Why School Choice doesn’t completely cover per-student cost

According to the Massachusetts Department of Secondary Education, it costs nearly $24,397 a year to educate a student in Newton. But the Inter-district School Choice program the city may enter into would only reimburse the city $5,000 for every out-of-district student sent into Newton.

What’s the deal?

There have been lots of questions about School Choice from parents since the School Committee announced that the district may be joining the program, and the most common question is why the full amount of per-student cost isn’t paid by the outside district sending a student to Newton.

“The School Choice program is not meant to bring in the full cost of per-pupil into the district. It’s meant to be an empty seat program,” Superintendent Anna Nolin pointed out at a recent School Committee discussion on School Choice.

“To use a bus metaphor, if there’s a bus that we own and there are 50 or 70 seats filled, we’ve already paid for the gas and the driver and the repair and parking and all of those things,” Nolin explained. “So there are 20 extra seats. The School Choice program works the same way.”

School Choice involves filling empty spots in classrooms with students without building a new school or hiring teachers to fit those School Choice transfers in, so even though Newton doesn’t get the full $24,397 per-student cost as tuition, the $5,000 in per-student tuition is still money that adds to the overall budget.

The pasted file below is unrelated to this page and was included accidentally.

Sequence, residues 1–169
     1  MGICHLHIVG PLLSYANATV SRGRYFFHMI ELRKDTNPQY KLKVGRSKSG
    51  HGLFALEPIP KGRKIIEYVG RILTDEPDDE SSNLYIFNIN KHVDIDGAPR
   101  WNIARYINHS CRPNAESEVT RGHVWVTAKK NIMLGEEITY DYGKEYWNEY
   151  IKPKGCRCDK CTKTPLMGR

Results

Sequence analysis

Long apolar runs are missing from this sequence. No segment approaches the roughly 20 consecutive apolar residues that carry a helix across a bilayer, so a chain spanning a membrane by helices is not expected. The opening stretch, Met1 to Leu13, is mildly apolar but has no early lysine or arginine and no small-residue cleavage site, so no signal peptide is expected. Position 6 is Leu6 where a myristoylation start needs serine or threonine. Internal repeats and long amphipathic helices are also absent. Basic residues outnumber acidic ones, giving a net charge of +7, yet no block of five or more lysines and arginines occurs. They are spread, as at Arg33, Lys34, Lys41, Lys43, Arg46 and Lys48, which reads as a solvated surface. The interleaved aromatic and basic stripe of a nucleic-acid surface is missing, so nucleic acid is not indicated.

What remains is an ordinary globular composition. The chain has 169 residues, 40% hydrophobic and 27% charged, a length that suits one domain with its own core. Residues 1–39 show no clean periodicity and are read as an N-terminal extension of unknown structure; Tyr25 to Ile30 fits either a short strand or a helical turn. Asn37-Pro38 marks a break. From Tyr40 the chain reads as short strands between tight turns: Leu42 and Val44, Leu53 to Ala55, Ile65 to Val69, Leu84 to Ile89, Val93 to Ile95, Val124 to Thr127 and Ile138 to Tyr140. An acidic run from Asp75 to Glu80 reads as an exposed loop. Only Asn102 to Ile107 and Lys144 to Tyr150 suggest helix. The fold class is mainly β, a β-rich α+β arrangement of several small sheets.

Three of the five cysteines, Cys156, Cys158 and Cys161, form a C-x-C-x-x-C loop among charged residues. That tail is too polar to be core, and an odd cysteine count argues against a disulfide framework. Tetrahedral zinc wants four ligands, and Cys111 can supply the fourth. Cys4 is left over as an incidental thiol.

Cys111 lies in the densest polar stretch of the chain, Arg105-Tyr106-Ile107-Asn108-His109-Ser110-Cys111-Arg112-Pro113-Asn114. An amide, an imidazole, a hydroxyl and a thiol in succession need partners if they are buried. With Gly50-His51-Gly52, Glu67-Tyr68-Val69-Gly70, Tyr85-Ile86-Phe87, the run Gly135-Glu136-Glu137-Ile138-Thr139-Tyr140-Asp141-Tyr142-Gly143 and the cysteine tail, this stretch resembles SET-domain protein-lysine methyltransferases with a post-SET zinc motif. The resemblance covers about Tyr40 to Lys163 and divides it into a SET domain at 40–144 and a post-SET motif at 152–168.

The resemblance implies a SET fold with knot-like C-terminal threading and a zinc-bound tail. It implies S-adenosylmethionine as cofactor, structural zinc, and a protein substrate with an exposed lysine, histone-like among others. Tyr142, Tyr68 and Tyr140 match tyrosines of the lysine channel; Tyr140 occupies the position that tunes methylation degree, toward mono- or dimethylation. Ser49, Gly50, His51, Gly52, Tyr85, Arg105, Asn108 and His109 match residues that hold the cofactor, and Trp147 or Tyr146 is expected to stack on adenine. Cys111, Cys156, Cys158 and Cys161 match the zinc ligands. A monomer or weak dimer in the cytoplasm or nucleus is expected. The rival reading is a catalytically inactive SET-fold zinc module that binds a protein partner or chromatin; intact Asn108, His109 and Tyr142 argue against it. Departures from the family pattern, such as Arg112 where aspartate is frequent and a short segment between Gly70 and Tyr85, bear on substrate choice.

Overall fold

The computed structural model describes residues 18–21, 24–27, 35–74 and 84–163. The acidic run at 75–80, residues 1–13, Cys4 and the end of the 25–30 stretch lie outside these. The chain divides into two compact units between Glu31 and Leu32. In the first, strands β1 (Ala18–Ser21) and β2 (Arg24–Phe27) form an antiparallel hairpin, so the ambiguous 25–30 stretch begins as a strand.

For students with special needs with an individualized education plan (IEP), an incremental amount is added to that $5,000 to offset extra costs associated with special education.

Per-student cost factors in all costs associated with schools divided up by the number of combined enrolled students, and that includes cost of utilities in the buildings, cost of plowing the parking lots, maintaining computer networks and other things that are already paid for.

“Obviously we want as many dollars as we can get for every student’s attendance, per se, but this is meant to supplement our existing budget,” Nolin said.

If a district has more School Choice students trying to get into that district than there are open seats in that district, the open seats must be given to applicants at random. Schools are not allowed to discriminate in any way when accepting School Choice students.

Preferential placement can only be given to siblings of students already in, or being accepted into, the district.

Currently, there are 21 students who live in Newton but attend school in other districts through School Choice, Assistant Superintendent Liam Hurley told the School Committee in January. But all of those students attend virtual academies. They’re not actually being transported to other districts.

There will be a public hearing on School Choice on April 23, and the School Committee is set to vote on whether to enlist the district in the program on May 6.